BAREQ(I), a Pashtun tribe in southern Afghanistan. Like neighboring Tarin and Dorrani, the Bareq are part of the Sharkhbun branch of the Sarbani Pashtun. Genealogists divide the tribe into two distinct sections, Daudzi and Hussainzi:, which are further subdivided respectively into five and six senior lineages, although only three are still represented today: the Badalzi among the Daudzi; and the Zakozi and the Mandozi among the Hussainzi (Khwaja Niamatullah, II, pp. 43 and 123f., n. 40; and Gazetteer of Afghanistan V, p. 89). The missing lineages might have taken part in the large migration of the Kharshban branch of the Pashtun toward the northeast where they lost their individuality (Khwaja Niamatullah, II, p. 124, n. 40). What is certain but not conclusive, however, is that several lineage names (for instance, Malizi and Dawlatzi) are found among both the Bareq and the Yusofzi. The Bareq have assimilated three Sherani lineages, which are still recognized as such (Gazetteer of Afghanistan V, pp.89, 451). At the end of the nineteenth century, the tribal chieftaincy was held by the Mandozi, who had taken it back from the Badalzi at the time of Nader Shah.
The Bareq are a small tribe. Converging population estimates from the past (2500-3000 families according to Elphinstone, p.426; 4000 according to Hayat Khan, p.81; and 15,000 souls according to O. Duke in Gazetteer of Afghanistan V, p. 88) do not fit well with contemporary estimates which, though uncertain, can justifiably be made at from ten to twenty thousand persons.
The Bareq are geographically concentrated in Shorabak (Shorawak) district where, on the eastern edge of the Regestan desert and along the middle course of the Lora river, they make up the majority of the population. According to their own traditions, they moved there during the 10th/16th century from the opposite edge of the desert (Gazetteer of Afghanistan V, pp. 92, 448f.). This is consistent with written sources (Hotak, English tr., p. 39; Russian tr., p.41). Vestiges of the tribe's previous settlements, three Bareq villages survive to this day in the lower Helmand valley: one near the Bost ruins and the other two (Palalak and Landay, both occupied by Zakozi) below Deshu. Over the centuries the rest of the tribe has kept up close contacts with these villages. On the other hand, gradual movements, reportedly during the 12th/18th century, took place from Shorabak toward the lower Lora where, around and below Nushki in Pakistani Baluchistan, one finds three Mandozi lineages (Hughes-Bullet, pp. 288f.) numbering about 5,000 persons in 1951 (Scholz, p. 36).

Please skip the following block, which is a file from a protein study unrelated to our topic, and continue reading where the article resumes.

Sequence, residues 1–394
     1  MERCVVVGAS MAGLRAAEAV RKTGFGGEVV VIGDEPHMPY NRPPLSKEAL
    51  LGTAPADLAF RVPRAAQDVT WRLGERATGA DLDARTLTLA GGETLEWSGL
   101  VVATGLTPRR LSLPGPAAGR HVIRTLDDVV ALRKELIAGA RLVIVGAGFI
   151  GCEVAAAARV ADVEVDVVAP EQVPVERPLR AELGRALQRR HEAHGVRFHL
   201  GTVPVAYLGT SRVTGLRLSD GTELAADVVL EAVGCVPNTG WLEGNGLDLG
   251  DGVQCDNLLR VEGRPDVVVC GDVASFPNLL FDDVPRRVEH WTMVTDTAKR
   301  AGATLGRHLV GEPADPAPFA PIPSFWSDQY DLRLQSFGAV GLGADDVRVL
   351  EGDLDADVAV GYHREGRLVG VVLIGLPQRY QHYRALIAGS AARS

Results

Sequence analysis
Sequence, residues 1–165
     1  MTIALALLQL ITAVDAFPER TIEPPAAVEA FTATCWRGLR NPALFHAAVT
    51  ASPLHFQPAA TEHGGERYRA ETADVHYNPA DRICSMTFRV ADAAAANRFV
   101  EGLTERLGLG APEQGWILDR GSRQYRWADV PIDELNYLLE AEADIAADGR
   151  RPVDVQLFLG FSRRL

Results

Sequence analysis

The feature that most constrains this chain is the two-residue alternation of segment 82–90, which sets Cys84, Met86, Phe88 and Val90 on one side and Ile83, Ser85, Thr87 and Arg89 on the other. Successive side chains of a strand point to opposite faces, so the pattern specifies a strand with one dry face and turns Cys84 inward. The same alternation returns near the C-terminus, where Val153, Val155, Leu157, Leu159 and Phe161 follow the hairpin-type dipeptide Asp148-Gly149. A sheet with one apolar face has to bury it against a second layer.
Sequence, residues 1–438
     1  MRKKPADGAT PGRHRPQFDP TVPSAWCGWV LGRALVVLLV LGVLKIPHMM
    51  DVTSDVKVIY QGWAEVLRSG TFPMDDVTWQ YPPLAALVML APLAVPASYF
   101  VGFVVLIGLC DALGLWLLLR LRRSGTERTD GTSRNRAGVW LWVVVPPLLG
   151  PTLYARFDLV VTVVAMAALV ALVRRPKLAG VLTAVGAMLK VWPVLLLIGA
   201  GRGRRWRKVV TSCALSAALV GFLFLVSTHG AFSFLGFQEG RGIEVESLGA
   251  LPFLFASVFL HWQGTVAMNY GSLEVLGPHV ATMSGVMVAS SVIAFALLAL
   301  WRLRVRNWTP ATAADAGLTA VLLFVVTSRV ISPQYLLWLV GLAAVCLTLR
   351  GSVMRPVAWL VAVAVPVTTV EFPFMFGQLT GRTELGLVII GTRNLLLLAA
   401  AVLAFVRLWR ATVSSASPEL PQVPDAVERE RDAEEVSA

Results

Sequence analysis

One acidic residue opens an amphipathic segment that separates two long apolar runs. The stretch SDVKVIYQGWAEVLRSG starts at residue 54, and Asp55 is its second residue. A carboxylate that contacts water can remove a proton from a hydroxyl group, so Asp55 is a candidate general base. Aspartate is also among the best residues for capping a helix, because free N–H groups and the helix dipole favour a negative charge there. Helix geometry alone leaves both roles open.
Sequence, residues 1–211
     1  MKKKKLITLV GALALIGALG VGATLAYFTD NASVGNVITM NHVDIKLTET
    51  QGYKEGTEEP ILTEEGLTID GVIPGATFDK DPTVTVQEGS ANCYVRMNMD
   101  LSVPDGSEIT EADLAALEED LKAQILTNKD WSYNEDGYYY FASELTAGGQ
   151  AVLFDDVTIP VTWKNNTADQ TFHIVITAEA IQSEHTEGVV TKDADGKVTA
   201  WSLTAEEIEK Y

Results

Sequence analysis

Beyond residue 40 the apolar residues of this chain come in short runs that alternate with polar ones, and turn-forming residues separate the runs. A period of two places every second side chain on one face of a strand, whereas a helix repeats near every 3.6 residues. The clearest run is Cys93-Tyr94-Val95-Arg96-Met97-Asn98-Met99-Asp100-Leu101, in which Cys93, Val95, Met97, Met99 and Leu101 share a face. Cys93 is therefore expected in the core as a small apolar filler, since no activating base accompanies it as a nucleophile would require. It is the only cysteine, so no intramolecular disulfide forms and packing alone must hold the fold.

Location of the Bareq at the southern extremity of Pashtun territory and at the limits of the Baluch has allowed multiple contacts with the latter and Brahui, including intermarriages, as well as linguistic or even genealogical assimilation, especially in the isolated sections of the lower Helmand and lower Lora valleys. In the 13th/19th century, Bareq mercenaries served in the army of the Khan of Kalat. Traditional relations with neighbouring Pashtun tribes frequently involved conflict; Bareq territory was often raided by the Achakzi, and they competed with the Pishin Tarin for the waters of the Lora (Gazetteer of Afghanistan V, pp. 90f.).
The Bareq are, nowadays, the only Pashtun tribe in southern Afghanistan without a nomadic component. However, they used to practice, as is typical of people living on the fringes of deserts, a form of short-distance semi-nomadism during the spring (Elphinstone, p. 427); and in some cases there were short summertime migrations toward the heights of Sarlat (Gazetteer of Afghanistan V, p. 443). More recent information is lacking since the Shorawak district was not covered by the Afghan Nomad Survey of 1357/1978, but pastoralism has probably not vanished. The Bareq still rear large herds of camels. They used to breed dromedaries both for themselves and for travellers in caravans plying the route between Qandahar and Sindh province. Their major activity is irrigated farming, especially to produce staple cereals.
Pastures and fields are collective, hence in-alienable, property. Wesh, the annual redistribution of fields among tribesmen, is still practiced. Though among the Zakozi and Mandozi every male regardless of age has the right to a share (khola wesh), the Badalzi reserve this right (mlatarh wesh) for males who are old enough to fight, traditionally twelve years old, the age at which Pashtun boys receive their first rifles (Reshad, pp. 24ff.). The wesh practiced nowadays has been considerably modified: in Bareq villages in the lower Helmand, each family's share has been fixed and hereditary for several generations (Snoy, pp. 129f.), while, in the more conservative Shorawak district, shares (as wesh) are no longer granted to horse owners as used to be done because of the strategic usefulness of their mounts during tribal hostilities (Reshad, pp. 25ff.).
The traditional abode of the Bareq is a kind of twig hut (kodala), which is described in Gazetteer of Afghanistan V, p.91.